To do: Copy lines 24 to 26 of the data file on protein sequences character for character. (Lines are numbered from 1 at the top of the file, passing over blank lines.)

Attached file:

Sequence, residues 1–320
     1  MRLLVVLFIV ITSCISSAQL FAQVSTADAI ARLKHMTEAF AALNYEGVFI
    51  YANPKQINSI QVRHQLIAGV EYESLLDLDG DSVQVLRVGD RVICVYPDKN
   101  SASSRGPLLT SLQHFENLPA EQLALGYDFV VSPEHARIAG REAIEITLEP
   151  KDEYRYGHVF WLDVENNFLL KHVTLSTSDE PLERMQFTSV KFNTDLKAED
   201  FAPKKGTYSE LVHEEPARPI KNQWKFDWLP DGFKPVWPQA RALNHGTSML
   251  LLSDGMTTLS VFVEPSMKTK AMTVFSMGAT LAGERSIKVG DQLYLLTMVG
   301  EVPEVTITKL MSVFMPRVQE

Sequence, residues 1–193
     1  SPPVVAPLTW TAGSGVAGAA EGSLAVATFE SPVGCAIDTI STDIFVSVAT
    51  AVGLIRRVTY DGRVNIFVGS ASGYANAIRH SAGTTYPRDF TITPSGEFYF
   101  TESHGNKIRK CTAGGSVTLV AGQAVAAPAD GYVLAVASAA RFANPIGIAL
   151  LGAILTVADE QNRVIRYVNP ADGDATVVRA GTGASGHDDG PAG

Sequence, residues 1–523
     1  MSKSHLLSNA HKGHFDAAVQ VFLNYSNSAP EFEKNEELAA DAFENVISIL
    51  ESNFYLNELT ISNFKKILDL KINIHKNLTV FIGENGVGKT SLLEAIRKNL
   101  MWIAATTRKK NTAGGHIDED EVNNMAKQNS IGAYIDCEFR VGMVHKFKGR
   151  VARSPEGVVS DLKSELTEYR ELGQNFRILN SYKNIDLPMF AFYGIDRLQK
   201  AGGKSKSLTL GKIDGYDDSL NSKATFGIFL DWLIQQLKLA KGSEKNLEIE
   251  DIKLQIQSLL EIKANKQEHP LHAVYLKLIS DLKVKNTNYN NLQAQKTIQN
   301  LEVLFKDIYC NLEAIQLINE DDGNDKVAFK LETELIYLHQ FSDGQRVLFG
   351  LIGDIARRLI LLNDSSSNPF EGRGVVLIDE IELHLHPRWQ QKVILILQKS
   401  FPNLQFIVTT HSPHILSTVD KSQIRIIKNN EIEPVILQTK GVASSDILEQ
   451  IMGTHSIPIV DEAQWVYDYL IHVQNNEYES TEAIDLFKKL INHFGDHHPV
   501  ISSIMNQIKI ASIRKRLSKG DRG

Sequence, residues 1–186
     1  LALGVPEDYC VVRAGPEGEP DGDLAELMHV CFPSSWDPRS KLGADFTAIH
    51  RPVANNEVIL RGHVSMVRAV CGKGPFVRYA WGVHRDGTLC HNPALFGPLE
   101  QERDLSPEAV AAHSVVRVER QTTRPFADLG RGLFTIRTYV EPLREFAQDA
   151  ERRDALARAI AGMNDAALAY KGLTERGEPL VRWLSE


   451  IMGTHSIPIV DEAQWVYDYL IHVQNNEYES TEAIDLFKKL INHFGDHHPV
   501  ISSIMNQIKI ASIRKRLSKG DRG

Sequence, residues 1–186